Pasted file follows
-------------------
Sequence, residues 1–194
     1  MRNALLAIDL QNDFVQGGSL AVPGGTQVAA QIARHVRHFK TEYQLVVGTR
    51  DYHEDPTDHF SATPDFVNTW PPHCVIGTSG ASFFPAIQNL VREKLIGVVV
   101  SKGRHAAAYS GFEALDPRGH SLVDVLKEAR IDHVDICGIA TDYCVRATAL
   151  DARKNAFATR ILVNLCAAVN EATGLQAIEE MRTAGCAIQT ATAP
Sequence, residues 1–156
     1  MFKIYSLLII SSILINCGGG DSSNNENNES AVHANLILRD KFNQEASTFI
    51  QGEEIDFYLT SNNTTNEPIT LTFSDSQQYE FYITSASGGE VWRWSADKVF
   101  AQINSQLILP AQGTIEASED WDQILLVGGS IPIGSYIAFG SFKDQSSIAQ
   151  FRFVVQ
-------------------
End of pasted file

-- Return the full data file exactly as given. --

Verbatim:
Sequence, residues 1–194
     1  MRNALLAIDL QNDFVQGGSL AVPGGTQVAA QIARHVRHFK TEYQLVVGTR
    51  DYHEDPTDHF SATPDFVNTW PPHCVIGTSG ASFFPAIQNL VREKLIGVVV
   101  SKGRHAAAYS GFEALDPRGH SLVDVLKEAR IDHVDICGIA TDYCVRATAL
   151  DARKNAFATR ILVNLCAAVN EATGLQAIEE MRTAGCAIQT ATAP
Sequence, residues 1–156
     1  MFKIYSLLII SSILINCGGG DSSNNENNES AVHANLILRD KFNQEASTFI
    51  QGEEIDFYLT SNNTTNEPIT LTFSDSQQYE FYITSASGGE VWRWSADKVF
   101  AQINSQLILP AQGTIEASED WDQILLVGGS IPIGSYIAFG SFKDQSSIAQ
   151  FRFVVQ